Most new leaders have a vision when they take on a new role. What are the first things you’re looking to change, tweak, or improve at Crossroads?

LD: I’m working on rebuilding the financial health of Crossroads and Yes TV. It was at one time a robust debt-free media light. But like every media house in the country, it got hit with enormous winds of change in technology. Audience loyalties changed. There’s a reason that the Canadian Heritage Committee from the Federal government has held meetings into the crisis. Every media house in the country is trying to figure out how to financially survive. I’ve been on the job for four months and that’s the first thing I’m working on. Second thing, we’re launching a campaign to double the audience of 100 Huntley Street. We are seeing a rapid decline in traditional sourcing of religious truth. People are not going to church like they used to in this country. They’re not learning in traditional methods. But they’re still consuming media. Over 8.9 million views on our YouTube material last year alone. That’s online. Not to mention the one million we’re reaching every week through broadcast television. I just think the appetite for our content where people can know and understand that God loves and what salvation and forgiveness in God can mean for their lives, those are the two biggies I’m working on.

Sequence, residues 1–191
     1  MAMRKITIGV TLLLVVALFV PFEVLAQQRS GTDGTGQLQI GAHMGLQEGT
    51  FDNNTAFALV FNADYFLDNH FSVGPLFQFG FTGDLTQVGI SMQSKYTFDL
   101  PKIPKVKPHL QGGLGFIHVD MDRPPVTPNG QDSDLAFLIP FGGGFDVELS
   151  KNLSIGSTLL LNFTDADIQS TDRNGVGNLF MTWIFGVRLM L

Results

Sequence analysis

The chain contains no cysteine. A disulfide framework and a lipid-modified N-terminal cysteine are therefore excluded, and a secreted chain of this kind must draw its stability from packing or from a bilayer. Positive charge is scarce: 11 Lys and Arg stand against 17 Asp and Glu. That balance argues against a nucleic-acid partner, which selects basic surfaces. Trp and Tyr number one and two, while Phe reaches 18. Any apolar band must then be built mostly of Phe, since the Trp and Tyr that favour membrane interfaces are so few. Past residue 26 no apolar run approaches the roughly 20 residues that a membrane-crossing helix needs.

Do you have a plan on how you’re going to double that audience?

LD: You’ll start to see, even in this newspaper. Across the country, we’ve launched billboards, radio ads and social media advertising. We’ve made significant change to the content of 100 Huntley Street. We’ve heard the audience loud and clear that they want a Canadian story-driven life- changing hope-giving show. You’ll see more music, more live music. We’re excited about some of the dynamic stories we have in the pipeline. Celebrities when appropriate, sports, entertainment, personal stories of families being touched – it’s all coming to the new 100 Huntley Street.

Do people of faith have a voice in main-stream media in Canada?

LD: No. Not at all. I know for 12 years plus I’ve written at The Globe and Mail as their only Christian faith columnist and all I can say it is – no. It’s not even deliberate on the media’s part. It’s just interest and application of Christian faith in this country has been kicked to the curb in the fast-paced world of media. Unless you have people who own the content, who care for it, who sponsor missionaries like myself into the media world it will not happen. There is no profit model interested in telling the Christian story. It is a completely donor- driven model. If a pastor would knock on the door of a secular radio station and ask for air time, saying his church will pay for it, he would get it, that’s how starved they are to sell media time. We just haven’t got the vision in place where churches and pastors are doing that. Don’t have the vision in place.

What needs to happen? Do we need more journalists willing to work in main-stream media? More people interested in reaching people through those media channels?

LD: Yes. Both of those things. We need more Christians willing to purchase a voice into media and people who will work with us so we can create more different generational type of media. Millennial is different than boomer media. The creativity is out there, the pipelines are out there – but who will sponsor the missionaries in media? That’s the missing link.